Maureen Corrigan Maureen Corrigan is a book critic for Fresh Air.
Maureen Corrigan
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Maureen Corrigan

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Maureen Corrigan
Nina Subin/ N/A

Maureen Corrigan

Book Critic, Fresh Air

Maureen Corrigan, book critic for NPR's Fresh Air, is The Nicky and Jamie Grant Distinguished Professor of the Practice in Literary Criticism at Georgetown University. She is an associate editor of and contributor to Mystery and Suspense Writers (Scribner) and the winner of the 1999 Edgar Award for Criticism, presented by the Mystery Writers of America. In 2019, Corrigan was awarded the Nona Balakian Citation for Excellence in Reviewing by the National Book Critics Circle.

Corrigan served as a juror for the 2012 Pulitzer Prize in Fiction. Her book So We Read On: How The Great Gatsby Came To Be and Why It Endures was published by Little, Brown in September 2014. Corrigan is represented by Trinity Ray at The Tuesday Lecture Agency: trinity@tuesdayagency.com

Corrigan's literary memoir, Leave Me Alone, I'm Reading! was published in 2005. Corrigan is also a reviewer and columnist for The Washington Post's Book World. In addition to serving on the advisory panel of The American Heritage Dictionary, she has chaired the Mystery and Suspense judges' panel of the Los Angeles TimesBook Prize.

Story Archive

NPR

Maureen Corrigan's favorite books of the year: 10 disparate reads for a hectic 2022

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Small in scope, Claire Keegan's 'Foster' packs an emotional wallop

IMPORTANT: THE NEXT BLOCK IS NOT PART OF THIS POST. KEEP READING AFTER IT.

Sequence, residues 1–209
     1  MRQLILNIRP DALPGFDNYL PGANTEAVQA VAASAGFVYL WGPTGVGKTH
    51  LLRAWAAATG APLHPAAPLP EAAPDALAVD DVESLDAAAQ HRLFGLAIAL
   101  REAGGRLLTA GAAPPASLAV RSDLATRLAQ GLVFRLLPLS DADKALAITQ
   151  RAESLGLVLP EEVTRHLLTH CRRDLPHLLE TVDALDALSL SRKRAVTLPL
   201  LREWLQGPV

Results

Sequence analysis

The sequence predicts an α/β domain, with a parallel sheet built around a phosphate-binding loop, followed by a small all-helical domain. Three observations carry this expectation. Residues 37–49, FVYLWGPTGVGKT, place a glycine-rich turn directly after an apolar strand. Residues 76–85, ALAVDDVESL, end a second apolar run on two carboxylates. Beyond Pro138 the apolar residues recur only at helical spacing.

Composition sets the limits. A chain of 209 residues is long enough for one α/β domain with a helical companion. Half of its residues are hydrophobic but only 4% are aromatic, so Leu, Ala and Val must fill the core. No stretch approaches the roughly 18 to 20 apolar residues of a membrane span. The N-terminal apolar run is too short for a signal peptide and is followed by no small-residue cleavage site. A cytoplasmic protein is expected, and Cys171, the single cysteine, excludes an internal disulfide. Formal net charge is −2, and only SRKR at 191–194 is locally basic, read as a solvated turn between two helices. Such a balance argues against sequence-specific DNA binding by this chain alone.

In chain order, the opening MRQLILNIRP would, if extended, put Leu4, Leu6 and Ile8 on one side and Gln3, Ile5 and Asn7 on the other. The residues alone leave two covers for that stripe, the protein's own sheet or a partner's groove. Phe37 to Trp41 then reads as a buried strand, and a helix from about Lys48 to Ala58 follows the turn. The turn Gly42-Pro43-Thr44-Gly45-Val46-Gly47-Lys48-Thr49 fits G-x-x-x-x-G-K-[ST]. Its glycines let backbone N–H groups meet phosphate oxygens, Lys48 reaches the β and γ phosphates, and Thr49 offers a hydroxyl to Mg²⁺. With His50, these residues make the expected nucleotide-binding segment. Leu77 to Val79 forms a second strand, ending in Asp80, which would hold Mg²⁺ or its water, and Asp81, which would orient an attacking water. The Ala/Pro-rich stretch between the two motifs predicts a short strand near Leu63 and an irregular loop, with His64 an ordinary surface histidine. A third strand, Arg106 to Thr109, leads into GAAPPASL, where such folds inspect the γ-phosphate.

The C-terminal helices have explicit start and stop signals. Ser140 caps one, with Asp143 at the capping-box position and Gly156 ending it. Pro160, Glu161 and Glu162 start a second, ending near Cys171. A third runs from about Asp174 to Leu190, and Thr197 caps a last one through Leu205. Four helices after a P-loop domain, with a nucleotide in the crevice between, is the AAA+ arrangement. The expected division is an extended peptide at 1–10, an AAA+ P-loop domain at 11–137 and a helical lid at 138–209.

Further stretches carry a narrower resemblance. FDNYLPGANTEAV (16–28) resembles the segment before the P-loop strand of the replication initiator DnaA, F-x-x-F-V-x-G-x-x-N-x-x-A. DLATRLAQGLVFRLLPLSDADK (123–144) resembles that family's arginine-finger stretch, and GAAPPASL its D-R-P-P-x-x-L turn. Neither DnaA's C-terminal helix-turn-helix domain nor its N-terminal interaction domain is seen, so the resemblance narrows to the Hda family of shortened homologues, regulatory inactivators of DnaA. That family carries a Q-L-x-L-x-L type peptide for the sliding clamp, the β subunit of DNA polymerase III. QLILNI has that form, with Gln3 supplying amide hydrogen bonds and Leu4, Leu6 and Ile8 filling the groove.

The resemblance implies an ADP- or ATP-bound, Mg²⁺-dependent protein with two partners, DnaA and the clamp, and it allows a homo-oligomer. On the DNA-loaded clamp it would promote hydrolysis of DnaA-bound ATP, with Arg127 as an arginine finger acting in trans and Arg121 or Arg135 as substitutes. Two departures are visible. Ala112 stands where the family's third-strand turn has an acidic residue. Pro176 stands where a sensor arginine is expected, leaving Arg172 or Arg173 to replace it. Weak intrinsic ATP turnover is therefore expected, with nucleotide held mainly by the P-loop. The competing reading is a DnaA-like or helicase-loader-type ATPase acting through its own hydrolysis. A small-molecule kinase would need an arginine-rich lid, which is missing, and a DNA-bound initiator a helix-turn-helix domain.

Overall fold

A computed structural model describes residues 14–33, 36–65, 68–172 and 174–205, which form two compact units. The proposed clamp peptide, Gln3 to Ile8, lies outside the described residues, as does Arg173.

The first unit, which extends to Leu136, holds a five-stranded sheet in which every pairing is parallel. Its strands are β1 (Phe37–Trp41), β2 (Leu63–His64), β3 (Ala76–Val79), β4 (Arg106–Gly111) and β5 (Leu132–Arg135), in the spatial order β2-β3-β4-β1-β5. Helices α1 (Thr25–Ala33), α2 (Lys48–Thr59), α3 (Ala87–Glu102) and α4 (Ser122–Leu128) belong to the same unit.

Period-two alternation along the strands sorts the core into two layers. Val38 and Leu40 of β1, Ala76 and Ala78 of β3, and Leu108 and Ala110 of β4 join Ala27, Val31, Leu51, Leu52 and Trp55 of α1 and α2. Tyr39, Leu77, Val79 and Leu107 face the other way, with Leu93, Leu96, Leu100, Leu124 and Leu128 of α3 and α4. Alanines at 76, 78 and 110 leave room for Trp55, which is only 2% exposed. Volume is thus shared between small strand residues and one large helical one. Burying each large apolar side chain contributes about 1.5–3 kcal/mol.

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The statue of Samuel Adams stands outside Boston's Faneuil Hall. Charles Krupa/AP hide caption

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Charles Krupa/AP

Author reminds Americans that Samuel Adams was a revolutionary before he was a beer

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Penguin Random House

A canine psychologist with a new puppy explores 'how dogs become themselves'

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Celeste Ng's powerful new dystopian novel reflects our headlines back to us

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Less is Lost, by Andrew Sean Greer Little, Brown hide caption

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Little, Brown

'Less' offers more in Andrew Sean Greer's follow-up to his Pulitzer-winning novel

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MacMillan

Ling Ma's first novel predicted the pandemic. Her new collection goes one step beyond

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Farrar, Straus & Giroux

'If I Survive You' is a sweeping portrait of a family's fight to make it in America

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Penguin Random House

'The Last White Man' spins a deft, if narrow, fantasy about identity

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Penguin Random House

The immersive novel 'Tomorrow' is a winner for gamers and n00bs alike

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Oleg Magni/EyeEm/Getty Images

Air travel is a mess. Settling into a great book can make for a smoother flight

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Workman Publishing

'The Poet's House' is a droll coming-of-age story — and an absolute keeper of a novel

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Lapvona, by Ottessa Moshfegh Penguin Random House hide caption

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Penguin Random House

Life in the Middle Ages is more gross than engrossing in this ruthless novel

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Green Apple Books

'Greenland' revives E.M. Forster — and spins a tale of racism and self-discovery

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